Last weekend saw the launching of the new Website of Al-Ittihad – the only Arabic-language daily newspaper in Israel, owned and managed by the the Communist Party of Israel. Al-Ittihad (The Union) was established in Haifa in 1944 during the British Mandatory Period over Palestine. The newspaper is the oldest Arab media outlet in Israel and is considered the most important.
Emil Touma, Fuad Nassar and Emil Habibi founded the paper as a weekly. Its first edition was published on May 14, 1944. Habibi edited the paper until 1989. The colonial British authorities shut down the newspaper in February 1948, but it reopened October 18 of that year, five months after the British ended the rule in Palestine. Al-Ittihad is the only pre-state Arabic-language paper to that has been published continuously after Israel declared its independence. In 1948, it moved to its new offices on Al-Hariri Road in Haifa from where it still operates. This building was hit and badly damaged by a rocket fire by the Hezbollah during Israel’s Second Lebanon War in 2006.
In the wake of the 1948 war and the displacement of some 750,000 Palestinian Arabs from their homes in what is commonly referred to as the Nakba (Catastrophe), Arab-Palestinian citizens of Israel were subject to a military government until 1966, and during this period the paper was banned in some areas of the state. Following Israel’s occupation of the West Bank and Gaza in June 1967, the paper was banned for a number of years in those areas.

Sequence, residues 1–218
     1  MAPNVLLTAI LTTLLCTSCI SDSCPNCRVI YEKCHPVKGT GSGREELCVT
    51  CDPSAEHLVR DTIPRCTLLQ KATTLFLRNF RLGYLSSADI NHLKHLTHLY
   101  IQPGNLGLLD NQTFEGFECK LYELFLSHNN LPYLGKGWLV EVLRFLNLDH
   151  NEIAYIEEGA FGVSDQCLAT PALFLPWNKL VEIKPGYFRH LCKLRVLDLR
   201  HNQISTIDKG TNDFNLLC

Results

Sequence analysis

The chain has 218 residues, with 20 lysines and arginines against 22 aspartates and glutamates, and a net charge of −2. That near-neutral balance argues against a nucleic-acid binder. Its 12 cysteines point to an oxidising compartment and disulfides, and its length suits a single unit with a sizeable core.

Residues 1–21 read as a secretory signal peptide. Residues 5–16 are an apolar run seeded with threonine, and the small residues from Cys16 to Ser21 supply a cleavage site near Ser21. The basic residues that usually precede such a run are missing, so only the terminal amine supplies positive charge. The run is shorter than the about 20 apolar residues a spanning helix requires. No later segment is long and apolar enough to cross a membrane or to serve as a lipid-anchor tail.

In 1953 Al-Ittihad and its Hebrew sister daily communist newspaper, Kol HaAm (The Voice of People) published an editorial against Israeli intervention alongside US imperialism in the Korean War, which resulted in both papers being closed for 15 days by order of the Minister of Interior Affairs, Israel Rokach. The two papers filed a petition before the Supreme Court, which ruled that the suspension order had been wrongly made and should be set aside. That judgment established the legal precedent for freedom of speech and freedom of the press in Israel that has been in effect from 1953 up to this very day.
After its initial appearance as a weekly paper, Al-Ittihad subsequently was published as a biweekly, and eventually became a daily in 1983. In 1988, the government once again ordered the paper closed for a week, four months after the outbreak of the First Intifada and six days before demonstrations scheduled for Land Day (March 30, 1988).
Al-Ittihad’s new Website: http://www.alittihad44.com
Al-Ittihad on Facebook: https://www.facebook.com/Ittihad